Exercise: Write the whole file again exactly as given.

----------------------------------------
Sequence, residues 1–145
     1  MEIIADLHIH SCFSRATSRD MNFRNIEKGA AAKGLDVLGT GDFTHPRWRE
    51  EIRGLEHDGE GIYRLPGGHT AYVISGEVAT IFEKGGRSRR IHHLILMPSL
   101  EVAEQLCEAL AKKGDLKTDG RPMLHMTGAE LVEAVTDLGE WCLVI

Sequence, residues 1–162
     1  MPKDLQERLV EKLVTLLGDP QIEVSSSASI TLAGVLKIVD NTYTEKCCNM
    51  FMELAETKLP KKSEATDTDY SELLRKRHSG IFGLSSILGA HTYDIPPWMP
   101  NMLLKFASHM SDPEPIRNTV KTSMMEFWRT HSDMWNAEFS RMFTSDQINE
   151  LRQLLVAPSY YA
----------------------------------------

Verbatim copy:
Sequence, residues 1–145
     1  MEIIADLHIH SCFSRATSRD MNFRNIEKGA AAKGLDVLGT GDFTHPRWRE
    51  EIRGLEHDGE GIYRLPGGHT AYVISGEVAT IFEKGGRSRR IHHLILMPSL
   101  EVAEQLCEAL AKKGDLKTDG RPMLHMTGAE LVEAVTDLGE WCLVI

Sequence, residues 1–162
     1  MPKDLQERLV EKLVTLLGDP QIEVSSSASI TLAGVLKIVD NTYTEKCCNM
    51  FMELAETKLP KKSEATDTDY SELLRKRHSG IFGLSSILGA HTYDIPPWMP
   101  NMLLKFASHM SDPEPIRNTV KTSMMEFWRT HSDMWNAEFS RMFTSDQINE
   151  LRQLLVAPSY YA